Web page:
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Thursday’s announcement of Ange Postecoglou’s appointment as Celtic’s new manager will calm many nerves at the famed Scottish club after its disappointing 2020-21 season.

But his departure will leave a yawning chasm at the top of a Yokohama F. Marinos organization that has undergone a complete rebirth under the Australian’s leadership in the last 3½ years.

“I came here with a vision of what we wanted to create,” Postecoglou said in his final news conference on Friday morning before departing for Glasgow. “We’ve built a really good foundation of a club that’s now seen as one that has had success but also plays football that’s enjoyable for everyone to watch.

“People who watch Marinos know what to expect and that we won’t change our approach, and that we believe in something as a football club.”

When the 55-year-old arrived in Yokohama, there were no mysteries as to what he was bringing to the table: The same eye-pleasing, attacking soccer that had brought him two A-League championships with Brisbane Roar as well as the 2015 Asian Cup and qualification for the 2018 World Cup with Australia’s Socceroos.

While the 2018 season was full of ups and downs — an 8-2 win followed days later by a 5-2 defeat among the more notable examples — it was consistently entertaining. Postecoglou’s belief in his philosophy was contagious, spreading to the locker room, the boardroom and the stands at Nissan Stadium.

But he was always the eye of the hurricane, and by telling players and fans to simply call him “Boss,” Postecoglou sought to ensure that he would be the first to step up when results failed to meet expectations.

Few received more protection than his goalkeepers, who took an active role in the team’s offensive build-up and were punished with long-distance goals on more than one occasion.

“It hasn’t been easy for the players. I’ve challenged them to play a certain way which is very difficult,” Postecoglou said. “Sometimes it exposes them, and every day training is very demanding.

“But every one of them, not just this year’s crop but the whole time I’ve been here … players wanted to learn, wanted to improve and were prepared to take risks, knowing that if mistakes were made I would take responsibility.

“I’ve thanked them for believing in what we were trying to achieve and by extension believing in me.”

Postecoglou’s unwavering commitment to his style — with “Plan B” usually summed up as “Plan A, but better” — quickly earned him respect from Japan’s soccer community. His long pregame embrace on Sunday with Consadole Sapporo manager Mihailo Petrovic — one of the few coaches to consistently carry the banner for attacking soccer in the J. League over the last 15 years — fueled speculation that the Boss was preparing to say farewell.

“I’ve worked in Japan for a long time, and Postecoglou has followed my career since before he arrived and praised my work, and there’s a lot of respect between us as managers and people,” Petrovic said on Sunday. “I think he’s achieved great things in Japan, and I can’t offer enough praise for the attacking soccer that he’s created at Marinos.

“I told him that if (his move to Celtic) comes to pass I’ll be cheering for him from my heart.”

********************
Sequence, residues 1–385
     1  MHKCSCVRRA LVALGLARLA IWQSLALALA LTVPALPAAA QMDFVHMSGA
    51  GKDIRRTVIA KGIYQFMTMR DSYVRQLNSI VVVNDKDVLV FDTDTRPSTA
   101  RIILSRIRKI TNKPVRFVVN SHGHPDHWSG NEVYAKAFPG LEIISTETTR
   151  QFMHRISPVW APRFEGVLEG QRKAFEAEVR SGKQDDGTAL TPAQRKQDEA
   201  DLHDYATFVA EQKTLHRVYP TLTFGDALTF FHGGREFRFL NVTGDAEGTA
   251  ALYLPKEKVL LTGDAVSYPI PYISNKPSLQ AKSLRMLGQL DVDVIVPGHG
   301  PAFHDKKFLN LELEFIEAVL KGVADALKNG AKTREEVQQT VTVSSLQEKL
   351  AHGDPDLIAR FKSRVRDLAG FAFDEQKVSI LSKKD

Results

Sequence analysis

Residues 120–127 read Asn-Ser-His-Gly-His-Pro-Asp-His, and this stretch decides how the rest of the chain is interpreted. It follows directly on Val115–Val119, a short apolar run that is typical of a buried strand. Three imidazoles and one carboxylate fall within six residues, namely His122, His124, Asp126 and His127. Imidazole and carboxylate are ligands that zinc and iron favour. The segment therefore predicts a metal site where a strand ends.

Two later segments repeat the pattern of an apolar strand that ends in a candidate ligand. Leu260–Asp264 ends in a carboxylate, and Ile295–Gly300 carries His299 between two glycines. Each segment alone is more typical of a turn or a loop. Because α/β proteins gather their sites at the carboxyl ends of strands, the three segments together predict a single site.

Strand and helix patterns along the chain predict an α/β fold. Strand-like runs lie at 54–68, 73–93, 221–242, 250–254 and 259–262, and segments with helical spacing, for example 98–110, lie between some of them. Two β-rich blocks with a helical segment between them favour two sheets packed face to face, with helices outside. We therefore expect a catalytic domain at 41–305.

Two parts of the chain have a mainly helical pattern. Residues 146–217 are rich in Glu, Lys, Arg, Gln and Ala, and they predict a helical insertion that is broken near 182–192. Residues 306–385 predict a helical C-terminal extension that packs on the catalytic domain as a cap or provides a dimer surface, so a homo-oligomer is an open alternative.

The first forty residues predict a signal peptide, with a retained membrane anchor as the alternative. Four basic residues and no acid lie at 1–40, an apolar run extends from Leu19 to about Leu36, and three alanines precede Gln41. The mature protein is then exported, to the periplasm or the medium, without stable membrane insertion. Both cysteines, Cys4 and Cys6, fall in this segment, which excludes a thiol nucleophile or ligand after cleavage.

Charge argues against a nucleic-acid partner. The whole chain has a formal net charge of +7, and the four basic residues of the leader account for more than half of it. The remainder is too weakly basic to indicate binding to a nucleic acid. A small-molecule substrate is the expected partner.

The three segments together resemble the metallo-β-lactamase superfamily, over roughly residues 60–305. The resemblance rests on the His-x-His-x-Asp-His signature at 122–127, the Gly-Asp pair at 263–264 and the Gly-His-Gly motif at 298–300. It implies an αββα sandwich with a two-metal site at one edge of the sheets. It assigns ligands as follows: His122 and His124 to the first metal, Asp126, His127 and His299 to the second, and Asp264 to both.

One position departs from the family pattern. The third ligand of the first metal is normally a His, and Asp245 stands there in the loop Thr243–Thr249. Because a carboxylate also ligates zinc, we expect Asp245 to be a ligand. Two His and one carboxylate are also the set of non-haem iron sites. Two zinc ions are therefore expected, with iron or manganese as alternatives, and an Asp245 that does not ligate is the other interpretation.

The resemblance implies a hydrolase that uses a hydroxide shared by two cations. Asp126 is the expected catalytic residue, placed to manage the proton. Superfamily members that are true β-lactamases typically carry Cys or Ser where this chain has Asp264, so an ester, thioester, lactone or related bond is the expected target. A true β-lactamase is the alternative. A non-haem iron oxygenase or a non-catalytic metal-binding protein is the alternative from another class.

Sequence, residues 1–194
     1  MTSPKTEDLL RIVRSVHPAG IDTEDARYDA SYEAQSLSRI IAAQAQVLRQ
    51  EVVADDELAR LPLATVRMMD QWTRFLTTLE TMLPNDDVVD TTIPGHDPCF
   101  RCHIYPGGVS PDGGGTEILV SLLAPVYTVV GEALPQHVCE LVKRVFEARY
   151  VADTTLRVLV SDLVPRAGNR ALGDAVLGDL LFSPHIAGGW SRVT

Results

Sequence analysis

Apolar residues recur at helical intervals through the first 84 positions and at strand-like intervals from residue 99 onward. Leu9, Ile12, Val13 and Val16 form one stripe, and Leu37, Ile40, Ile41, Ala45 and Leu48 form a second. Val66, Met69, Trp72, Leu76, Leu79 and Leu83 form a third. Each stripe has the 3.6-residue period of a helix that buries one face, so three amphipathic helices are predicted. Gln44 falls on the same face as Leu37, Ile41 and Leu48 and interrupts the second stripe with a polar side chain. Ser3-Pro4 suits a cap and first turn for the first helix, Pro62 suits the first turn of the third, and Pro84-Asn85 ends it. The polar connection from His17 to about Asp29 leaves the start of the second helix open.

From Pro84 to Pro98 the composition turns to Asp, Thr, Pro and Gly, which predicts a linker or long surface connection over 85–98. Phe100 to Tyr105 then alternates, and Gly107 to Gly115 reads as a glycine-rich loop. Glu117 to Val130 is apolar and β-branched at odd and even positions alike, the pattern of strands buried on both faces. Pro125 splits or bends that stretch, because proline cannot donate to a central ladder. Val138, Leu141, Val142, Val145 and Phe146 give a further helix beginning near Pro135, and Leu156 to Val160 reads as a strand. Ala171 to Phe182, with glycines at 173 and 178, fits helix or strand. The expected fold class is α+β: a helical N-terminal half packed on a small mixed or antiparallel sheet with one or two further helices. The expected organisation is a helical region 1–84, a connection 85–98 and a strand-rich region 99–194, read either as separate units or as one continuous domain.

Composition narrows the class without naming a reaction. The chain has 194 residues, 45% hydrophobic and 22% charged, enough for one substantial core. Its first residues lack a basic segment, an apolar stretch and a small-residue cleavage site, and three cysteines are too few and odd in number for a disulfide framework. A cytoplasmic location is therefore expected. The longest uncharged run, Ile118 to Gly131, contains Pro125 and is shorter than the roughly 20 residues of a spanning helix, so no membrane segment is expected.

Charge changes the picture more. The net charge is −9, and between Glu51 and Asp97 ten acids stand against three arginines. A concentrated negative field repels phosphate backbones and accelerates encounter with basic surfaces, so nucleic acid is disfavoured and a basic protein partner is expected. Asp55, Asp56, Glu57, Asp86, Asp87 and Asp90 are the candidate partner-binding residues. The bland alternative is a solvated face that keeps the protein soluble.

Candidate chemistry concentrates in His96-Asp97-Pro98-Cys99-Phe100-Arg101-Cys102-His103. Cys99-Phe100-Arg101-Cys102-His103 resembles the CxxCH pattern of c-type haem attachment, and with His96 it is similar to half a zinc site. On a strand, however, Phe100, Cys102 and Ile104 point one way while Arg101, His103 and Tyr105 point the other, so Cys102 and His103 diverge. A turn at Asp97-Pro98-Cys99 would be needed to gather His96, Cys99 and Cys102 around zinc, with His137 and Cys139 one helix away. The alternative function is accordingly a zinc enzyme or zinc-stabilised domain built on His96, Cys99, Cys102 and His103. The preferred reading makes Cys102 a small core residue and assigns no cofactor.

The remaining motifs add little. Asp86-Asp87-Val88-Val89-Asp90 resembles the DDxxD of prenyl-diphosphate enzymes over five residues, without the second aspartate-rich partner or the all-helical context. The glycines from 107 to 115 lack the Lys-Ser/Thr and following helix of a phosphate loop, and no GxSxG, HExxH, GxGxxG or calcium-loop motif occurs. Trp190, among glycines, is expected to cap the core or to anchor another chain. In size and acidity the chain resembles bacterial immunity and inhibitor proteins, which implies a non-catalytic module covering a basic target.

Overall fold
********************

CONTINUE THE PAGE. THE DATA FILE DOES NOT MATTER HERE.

On Friday, Postecoglou expressed regret that he had only claimed one trophy for Marinos — the 2019 J. League championship, which ended a 15-year wait for the club’s loyal supporters. But the legacy he leaves in Japan will be his unapologetic style of attacking, which he hopes will embolden J. League coaches and inspire players to step up their game.

“For clubs here, there’s a safe approach you can take where everyone plays a similar type of football, and I think it just needs people to maybe be a bit more brave in a way they approach playing the game,” Postecoglou said. “Not because there’s a right or wrong way, but if there’s more different styles of football within the J. League, that makes everyone improve, that challenges everyone.

“The first year I was here, one or two clubs were trying to play a little more aggressive attacking football, but the rest were playing in a similar manner. (Now) some clubs are taking a different approach and I think that’s great.”

What comes next for Marinos, currently third in the J1 and still with plenty to play for, is uncertain. Academy director Hideki Matsunaga, announced Thursday as the team’s interim manager, is expected to hold the reins until the league breaks for the Tokyo Olympics in mid-July.

Meanwhile, Postecoglou’s successor is expected — as he was, himself — to be recruited from overseas through City Football Group, which owns a nearly 20% stake in Marinos. When they will be able to enter Japan in light of the country’s strict border controls is another question entirely.

Yet as difficult a decision as it may have been for Marinos to part ways midseason with Postecoglou — whose win rate of 49.2% at the club eclipsed even that of two-time league champion Takeshi Okada’s 46% according to sports analytics firm Opta — their decision to do so underlined the respect they have for him and his ambitions.

“In the last 3½ years, Postecoglou has turned us into an incredibly entertaining club while respecting our history and our culture,” Ryoji Kurosawa, Marinos president, said in a statement on Thursday. “To lose our manager in the middle of the season when we’re aiming for a title is very painful, but to let him join one of Europe’s most famous clubs is the greatest respect we can offer.

“Postecoglou challenged us, and we will continue on with the ‘attacking football’ he has left us with and keep aiming to bring hope, emotion and smiles to our fans.”

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